Jacqueline Lloyd Cunningham is vice president of Marketing and Communications at YWCA Minneapolis. In this role, Cunningham defines the organization-wide marketing, communications and public relations strategy to support the generation of $23M in annual revenue for the organization’s five divisions: health and wellness, early childhood education, girls and youth, racial justice and public policy, which serve more than 30K people annually in the Twin Cities community. Cunningham is responsible for the development, integration and implementation of the marketing communications strategy, including brand management and positioning, and oversees a broad range of MarCom products to support revenue goals and promote and enhance the image of YWCA Minneapolis.
A wife and mother of two, she has over 20 years of experience as a strategic marketing leader. She has a passion for understanding what drives behavior and uses that insight to develop integrated marketing plans that drive brand relevancy and business results.
Before joining the YWCA of Minneapolis in 2014, Cunningham was marketing manager for General Public Engagement at Be The Match®; led the sales promotion marketing team at Target; and held various marketing positions at 3M, including product, business development and channel marketing activities for leading consumer brands Scotch® and Scotch-Brite®.
Cunningham is an active member of the Women’s Health Leadership Trust, serving on the External Relations Committee. She has a bachelor of science degree in marketing from Marymount College, Tarrytown, New York; an MBA degree from Fordham University Graduate School of Business in New York; and completed continuing education courses at the University of Minnesota Carlson School Management, including healthcare delivery innovations.
Here’s more of her story.
Please describe your role as vice president of Marketing and Communications.
I define the organization-wide marketing, communications and public relations strategy to support the generation of $23M in annual revenue for YWCA Minneapolis’ five divisions: health and wellness, early childhood education, girls and youth, racial justice and public policy.
How did you determine your career path?
My father owned several barbershops when I was growing up in New York. Spending time in that environment and watching my mom manage the finances exposed me to some of the ins and outs of running a business and piqued my interest in business management. Later, high school internships at IBM, other work alongside powerful woman leaders, and my love for strategic planning propelled me to pursue an MBA and a career in marketing.
What industries connect to your career choice?
Industries that impact how we spread awareness and engage customers in our mission are directly connected to marketing and communications. In particular, the information industry is key; including digital technology (social, mobile, web and email), advertising, broadcasting and media. Additionally, healthcare; finance and insurance; state and local government agencies, human resources and IT services are directly connected to my current marketing and communications role.
Can you describe your leadership style?
I value diverse perspectives and seek input from team members to inform decision-making. I’m results-oriented and strive to empower my team members to do their best work. I believe in continual learning and promote training and development to increase our knowledge, and invest in tools to enhance our work. I’m hands-off but enjoy engaging in the marketing discipline, and expect attention to detail and high-quality execution.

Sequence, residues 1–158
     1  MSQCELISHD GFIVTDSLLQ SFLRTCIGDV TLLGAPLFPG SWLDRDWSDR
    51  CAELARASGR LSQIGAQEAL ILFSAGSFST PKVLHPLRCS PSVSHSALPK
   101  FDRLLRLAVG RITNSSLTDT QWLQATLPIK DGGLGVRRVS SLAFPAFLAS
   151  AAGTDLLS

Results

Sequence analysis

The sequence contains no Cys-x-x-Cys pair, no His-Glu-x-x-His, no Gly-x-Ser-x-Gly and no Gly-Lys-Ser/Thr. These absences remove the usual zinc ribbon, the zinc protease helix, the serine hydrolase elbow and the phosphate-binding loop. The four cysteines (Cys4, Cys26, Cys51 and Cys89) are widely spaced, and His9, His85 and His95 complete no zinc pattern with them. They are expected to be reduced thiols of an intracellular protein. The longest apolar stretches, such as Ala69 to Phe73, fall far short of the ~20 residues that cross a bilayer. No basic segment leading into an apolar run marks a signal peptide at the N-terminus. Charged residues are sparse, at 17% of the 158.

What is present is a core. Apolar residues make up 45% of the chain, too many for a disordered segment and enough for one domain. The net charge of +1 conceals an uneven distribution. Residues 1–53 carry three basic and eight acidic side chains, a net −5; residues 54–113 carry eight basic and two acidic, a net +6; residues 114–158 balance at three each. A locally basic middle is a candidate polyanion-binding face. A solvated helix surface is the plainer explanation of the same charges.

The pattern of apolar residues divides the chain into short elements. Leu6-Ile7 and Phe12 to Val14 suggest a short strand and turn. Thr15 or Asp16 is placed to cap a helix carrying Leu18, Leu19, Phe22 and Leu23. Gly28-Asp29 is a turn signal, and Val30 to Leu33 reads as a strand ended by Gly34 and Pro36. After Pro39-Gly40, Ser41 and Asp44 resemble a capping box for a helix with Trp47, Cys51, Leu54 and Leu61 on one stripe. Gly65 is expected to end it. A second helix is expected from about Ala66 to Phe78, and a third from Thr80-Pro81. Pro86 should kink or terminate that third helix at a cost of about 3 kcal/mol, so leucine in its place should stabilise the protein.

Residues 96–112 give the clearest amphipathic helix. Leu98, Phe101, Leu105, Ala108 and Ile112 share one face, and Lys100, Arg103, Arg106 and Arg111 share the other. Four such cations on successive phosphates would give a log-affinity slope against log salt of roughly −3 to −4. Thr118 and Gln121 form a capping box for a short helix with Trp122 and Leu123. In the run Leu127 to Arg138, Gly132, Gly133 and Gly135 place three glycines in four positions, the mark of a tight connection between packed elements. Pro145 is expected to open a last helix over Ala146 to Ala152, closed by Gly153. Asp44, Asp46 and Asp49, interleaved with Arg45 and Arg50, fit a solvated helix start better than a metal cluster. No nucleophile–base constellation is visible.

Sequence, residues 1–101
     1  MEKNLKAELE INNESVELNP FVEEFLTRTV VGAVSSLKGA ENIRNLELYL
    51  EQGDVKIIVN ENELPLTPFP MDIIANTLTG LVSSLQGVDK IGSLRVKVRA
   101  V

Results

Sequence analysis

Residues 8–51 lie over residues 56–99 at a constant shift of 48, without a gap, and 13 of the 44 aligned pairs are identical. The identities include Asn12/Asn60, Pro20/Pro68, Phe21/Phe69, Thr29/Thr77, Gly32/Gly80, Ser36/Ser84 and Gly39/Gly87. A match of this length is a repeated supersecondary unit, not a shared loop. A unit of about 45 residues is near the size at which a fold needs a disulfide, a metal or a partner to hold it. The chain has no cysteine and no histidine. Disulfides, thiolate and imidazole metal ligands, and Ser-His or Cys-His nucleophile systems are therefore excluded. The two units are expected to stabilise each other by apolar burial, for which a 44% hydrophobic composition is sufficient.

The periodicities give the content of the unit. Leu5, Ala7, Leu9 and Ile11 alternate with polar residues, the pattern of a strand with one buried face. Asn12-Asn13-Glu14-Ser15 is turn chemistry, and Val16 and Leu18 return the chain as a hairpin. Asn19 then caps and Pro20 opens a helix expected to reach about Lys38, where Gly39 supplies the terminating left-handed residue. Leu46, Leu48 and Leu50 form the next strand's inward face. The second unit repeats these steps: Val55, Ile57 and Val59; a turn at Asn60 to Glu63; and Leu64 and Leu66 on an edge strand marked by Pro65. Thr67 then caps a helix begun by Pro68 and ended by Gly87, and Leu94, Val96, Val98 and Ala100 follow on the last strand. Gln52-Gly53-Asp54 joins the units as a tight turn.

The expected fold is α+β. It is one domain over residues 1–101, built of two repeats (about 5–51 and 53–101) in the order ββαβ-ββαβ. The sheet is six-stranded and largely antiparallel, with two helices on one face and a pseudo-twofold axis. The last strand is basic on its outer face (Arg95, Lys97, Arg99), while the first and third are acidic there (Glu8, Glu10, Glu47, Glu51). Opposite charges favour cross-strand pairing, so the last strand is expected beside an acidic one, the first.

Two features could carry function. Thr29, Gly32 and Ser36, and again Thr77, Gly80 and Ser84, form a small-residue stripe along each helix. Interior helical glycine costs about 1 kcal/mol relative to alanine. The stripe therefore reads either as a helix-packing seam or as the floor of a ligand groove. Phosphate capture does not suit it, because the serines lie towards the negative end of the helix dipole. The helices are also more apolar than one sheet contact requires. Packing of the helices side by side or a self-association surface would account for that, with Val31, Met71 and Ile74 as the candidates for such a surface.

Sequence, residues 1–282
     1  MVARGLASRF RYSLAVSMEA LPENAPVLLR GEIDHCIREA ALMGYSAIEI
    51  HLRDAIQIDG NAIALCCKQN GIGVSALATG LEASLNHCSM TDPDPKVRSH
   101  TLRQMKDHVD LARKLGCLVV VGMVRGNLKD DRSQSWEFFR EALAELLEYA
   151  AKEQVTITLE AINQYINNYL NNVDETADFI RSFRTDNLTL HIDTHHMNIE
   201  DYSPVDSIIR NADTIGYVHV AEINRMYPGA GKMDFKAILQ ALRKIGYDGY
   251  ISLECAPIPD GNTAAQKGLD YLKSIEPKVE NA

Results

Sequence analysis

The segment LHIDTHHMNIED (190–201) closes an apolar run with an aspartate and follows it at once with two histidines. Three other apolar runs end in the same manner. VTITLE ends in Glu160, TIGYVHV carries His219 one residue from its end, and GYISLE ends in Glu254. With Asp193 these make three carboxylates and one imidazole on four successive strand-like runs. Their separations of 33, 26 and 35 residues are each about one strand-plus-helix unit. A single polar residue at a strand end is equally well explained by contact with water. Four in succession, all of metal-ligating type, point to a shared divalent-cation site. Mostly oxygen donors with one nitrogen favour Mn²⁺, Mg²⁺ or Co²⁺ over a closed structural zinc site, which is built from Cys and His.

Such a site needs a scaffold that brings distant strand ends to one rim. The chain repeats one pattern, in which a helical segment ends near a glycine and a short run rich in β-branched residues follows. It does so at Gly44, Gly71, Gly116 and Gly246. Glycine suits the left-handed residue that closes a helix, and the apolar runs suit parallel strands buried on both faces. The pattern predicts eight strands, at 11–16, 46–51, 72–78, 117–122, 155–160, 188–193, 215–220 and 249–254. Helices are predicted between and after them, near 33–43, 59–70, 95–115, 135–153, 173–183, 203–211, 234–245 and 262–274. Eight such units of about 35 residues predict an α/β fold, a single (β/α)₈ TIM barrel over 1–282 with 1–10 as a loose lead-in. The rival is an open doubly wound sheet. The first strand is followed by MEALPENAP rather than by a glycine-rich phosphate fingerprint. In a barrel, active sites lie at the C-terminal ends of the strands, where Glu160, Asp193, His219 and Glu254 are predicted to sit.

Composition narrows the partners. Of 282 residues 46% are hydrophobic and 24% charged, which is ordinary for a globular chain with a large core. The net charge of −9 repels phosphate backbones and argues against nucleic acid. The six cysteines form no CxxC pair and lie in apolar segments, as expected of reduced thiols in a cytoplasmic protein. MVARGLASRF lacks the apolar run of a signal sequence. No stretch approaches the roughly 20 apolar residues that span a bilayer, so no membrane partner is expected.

You have been a part of the YWCA family for almost five years. What aspect of your work particularly resonates with you?
What attracted me to YWCA Minneapolis nearly five years ago, and what continues to resonate with me today, is our work in specific areas I care deeply about – education, health and our youth – all undertaken with a racial equity lens. Seeing the benefits access to high-quality early childhood education, afterschool programs and health and fitness affords all in our community (particularly those with fewer resources) is extremely inspiring and rewarding.
How would you define your purpose – at work and home/in the community?
This has always been a hard question for me to answer. And, I think I’m still determining my purpose. However, over the past 20 years, my purpose has been to build a happy and healthy family, and raise my son and daughter, giving them the foundation and education to better navigate this complex world.
Community success based on what you do in the community means what to you?
Community success to me means eliminating racial disparities and expanding YWCA Minneapolis’ work in the community so all can thrive.
This, month we are celebrating Women’s History Month. Who inspired you and why?
My mom has been the greatest inspiration in my life. She embodied strength, determination and grit. By instilling her morals and values, and guiding our lived experiences as a family, my siblings and I are able to live productive lives, build our own families, and in some small way be an inspiration to others.
Why is education so important today for young women?
I think education leads to empowerment. It provides greater access to the world, and exposure to diverse perspectives and opportunities. I think this allows young women to develop the emotional and economic empowerment necessary to confidently pursue their dreams and contribute to society.
Finish the sentence:
Teamwork is important because … it creates synergy — leveraging the strengths of diverse individuals to achieve a common goal. I think teams that work well together have a more engaging, committed experience and deliver stronger results.
Being involved in community is important to me because … it expands my knowing and connects me to a purpose larger than my own.
Without my family … I would not be who I am today.